When I was young, the book that I wanted to write by vleighton [WorldCat.org]
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Evolutionary economics

by Kenneth E Boulding

  Print book

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When I was young, the book that I wanted to write   (2012-01-08)


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by vleighton

When I was young, the book that I wanted to write.


When I was young and in high school, I started putting together ideas. At the time, I thought the ideas were unique, but in time I learned that they really weren't. Along the path of researching those ideas, I found this book, and I decided that had I been able to write out the ideas, this is close to the book I would have written.


That having been said, it is still not a very good book.


Boulding was much praised as a social scientist and was near the end of his career when he wrote it. The text itself admits that he recorded it to a dictophone machine for transcription. It reads like a verbal ramble, complete with digressions and repetitions.


The basic thesis of the book is that the human economy can be viewed as an evolutionary system much like the biological world. He puts this idea in the context of General Systems Theory (a la von Bertalanffy). The book came at the height of the recession caused by the jump in oil prices in 1979, and it united ecological thinking with energy conservation, describing both as energy systems and evolutionary systems.


But the idea of looking for commonalities between biology and economics is very old. Indeed, Darwin read first Quetelet and then Malthus as he was formulating his theory of natural selection. Spencer made his career promoting Social Darwinism. Dawkins promoted memetics five years before this book was published, and E. O. Wilson's Sociobiology was published during this period.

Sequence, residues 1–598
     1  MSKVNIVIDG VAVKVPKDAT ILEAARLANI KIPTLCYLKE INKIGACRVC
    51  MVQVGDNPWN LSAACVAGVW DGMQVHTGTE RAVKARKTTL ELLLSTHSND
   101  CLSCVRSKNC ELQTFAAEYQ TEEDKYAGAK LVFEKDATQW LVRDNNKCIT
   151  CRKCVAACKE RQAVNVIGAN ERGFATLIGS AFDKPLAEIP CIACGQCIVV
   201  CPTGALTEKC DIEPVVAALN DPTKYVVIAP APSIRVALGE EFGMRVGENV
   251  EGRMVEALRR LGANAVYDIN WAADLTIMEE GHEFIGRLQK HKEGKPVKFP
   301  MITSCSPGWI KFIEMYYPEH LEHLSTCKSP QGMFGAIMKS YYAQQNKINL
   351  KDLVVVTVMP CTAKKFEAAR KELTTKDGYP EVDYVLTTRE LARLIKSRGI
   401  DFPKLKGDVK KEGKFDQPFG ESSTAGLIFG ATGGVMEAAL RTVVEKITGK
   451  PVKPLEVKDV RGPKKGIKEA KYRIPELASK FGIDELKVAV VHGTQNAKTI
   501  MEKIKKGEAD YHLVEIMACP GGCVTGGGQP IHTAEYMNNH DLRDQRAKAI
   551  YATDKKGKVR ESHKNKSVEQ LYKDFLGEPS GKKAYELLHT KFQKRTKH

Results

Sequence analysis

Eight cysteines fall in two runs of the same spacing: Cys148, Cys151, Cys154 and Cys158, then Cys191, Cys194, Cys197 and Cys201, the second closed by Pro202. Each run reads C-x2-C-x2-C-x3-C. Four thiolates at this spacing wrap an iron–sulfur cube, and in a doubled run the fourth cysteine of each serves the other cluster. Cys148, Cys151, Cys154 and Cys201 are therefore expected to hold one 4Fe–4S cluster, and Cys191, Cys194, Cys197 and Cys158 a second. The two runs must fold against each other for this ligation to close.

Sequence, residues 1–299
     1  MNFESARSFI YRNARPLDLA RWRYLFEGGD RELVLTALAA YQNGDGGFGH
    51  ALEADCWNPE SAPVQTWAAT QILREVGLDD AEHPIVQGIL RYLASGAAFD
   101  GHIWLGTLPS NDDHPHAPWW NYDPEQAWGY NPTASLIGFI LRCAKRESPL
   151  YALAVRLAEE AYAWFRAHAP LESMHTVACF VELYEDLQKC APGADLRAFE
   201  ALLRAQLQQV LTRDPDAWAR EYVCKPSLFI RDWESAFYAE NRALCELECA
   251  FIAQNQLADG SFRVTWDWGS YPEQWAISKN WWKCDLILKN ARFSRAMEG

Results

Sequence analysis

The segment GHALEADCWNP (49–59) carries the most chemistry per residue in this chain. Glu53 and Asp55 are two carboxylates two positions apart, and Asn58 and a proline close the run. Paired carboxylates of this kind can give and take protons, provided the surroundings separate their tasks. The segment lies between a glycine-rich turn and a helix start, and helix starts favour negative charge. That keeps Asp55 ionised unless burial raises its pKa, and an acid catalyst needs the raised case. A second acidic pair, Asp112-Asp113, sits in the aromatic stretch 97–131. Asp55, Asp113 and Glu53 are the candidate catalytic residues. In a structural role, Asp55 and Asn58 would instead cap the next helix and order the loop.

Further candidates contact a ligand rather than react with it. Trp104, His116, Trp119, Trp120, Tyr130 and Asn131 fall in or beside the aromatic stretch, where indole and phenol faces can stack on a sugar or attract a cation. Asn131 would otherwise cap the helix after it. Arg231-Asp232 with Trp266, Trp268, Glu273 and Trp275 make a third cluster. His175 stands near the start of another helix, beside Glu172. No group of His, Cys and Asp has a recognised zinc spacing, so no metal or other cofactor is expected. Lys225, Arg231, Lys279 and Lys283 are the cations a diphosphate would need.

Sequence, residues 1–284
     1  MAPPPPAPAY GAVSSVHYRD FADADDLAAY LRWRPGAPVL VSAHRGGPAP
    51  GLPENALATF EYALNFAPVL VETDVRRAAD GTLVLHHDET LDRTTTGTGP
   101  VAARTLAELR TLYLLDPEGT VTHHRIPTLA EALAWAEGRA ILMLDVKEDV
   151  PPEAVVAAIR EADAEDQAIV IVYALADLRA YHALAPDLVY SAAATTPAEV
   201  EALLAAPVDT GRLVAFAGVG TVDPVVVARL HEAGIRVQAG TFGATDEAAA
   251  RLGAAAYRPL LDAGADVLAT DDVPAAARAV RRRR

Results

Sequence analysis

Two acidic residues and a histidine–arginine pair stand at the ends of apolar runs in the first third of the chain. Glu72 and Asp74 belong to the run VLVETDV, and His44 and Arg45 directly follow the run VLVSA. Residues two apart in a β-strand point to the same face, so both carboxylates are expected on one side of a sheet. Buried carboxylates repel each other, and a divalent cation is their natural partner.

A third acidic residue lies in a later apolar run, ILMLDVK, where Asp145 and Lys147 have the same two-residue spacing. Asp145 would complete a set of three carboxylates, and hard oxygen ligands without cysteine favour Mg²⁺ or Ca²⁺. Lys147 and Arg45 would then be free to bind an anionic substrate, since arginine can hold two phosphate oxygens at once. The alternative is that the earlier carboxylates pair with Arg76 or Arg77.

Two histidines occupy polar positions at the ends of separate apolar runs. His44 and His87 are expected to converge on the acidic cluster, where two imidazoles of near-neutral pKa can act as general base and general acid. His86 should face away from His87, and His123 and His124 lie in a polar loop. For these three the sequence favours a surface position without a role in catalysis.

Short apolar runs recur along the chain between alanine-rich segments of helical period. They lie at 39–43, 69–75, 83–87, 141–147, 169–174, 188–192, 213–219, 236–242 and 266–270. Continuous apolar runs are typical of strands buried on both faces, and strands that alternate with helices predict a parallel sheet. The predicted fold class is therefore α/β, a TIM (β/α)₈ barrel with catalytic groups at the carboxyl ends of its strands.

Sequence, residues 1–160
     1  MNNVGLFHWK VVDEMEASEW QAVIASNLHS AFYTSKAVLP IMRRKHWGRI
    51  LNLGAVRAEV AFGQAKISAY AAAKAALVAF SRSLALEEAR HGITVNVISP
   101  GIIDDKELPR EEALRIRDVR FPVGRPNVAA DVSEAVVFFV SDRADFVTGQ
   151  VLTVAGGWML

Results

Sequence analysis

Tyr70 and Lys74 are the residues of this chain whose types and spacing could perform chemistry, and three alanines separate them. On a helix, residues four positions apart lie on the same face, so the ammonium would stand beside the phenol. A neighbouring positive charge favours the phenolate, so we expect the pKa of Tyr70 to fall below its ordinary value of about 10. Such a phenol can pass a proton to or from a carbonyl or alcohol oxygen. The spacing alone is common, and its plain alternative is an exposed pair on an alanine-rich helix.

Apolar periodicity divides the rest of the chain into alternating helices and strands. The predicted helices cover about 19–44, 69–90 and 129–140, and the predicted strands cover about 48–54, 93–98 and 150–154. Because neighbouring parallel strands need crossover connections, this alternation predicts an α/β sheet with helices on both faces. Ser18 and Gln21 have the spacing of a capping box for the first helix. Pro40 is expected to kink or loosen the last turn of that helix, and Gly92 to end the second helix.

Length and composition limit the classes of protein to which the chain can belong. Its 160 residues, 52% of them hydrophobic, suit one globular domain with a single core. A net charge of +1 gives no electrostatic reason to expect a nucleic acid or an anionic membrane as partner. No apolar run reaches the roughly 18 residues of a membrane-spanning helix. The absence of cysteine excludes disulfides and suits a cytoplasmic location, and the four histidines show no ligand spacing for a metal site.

One thing that I think is of value in this book is the focus on energy and entropy. The problem with the selfish gene hypothesis is that it focuses on information without fully engaging the point that that information has to be part of an ecosystem where the information carrier preserves its own order by accelerating the entropy around it. I live by consuming food. The biological world uses energy (sunlight mostly) carefully passed from organism to organism to keep life going. Likewise, social systems need an economic base, which rests on an energy base. Without keeping an eye on the resource flows, both energy and materials, the gene-centric view can lose sight of one of the hard constraints on either genes or memes. For all of its flaws, this book makes the issue of entropy an equal partner to the issue of preservation and enhancement of information.


One of the worst aspects of the book is that it treats all "artifacts" as species that have population dynamics. Boulding's "artifacts" include all biological organisms, all social organizations and all human crafted objects. By extending the concept of species to the manufactured object, he stretches it to the breaking point.

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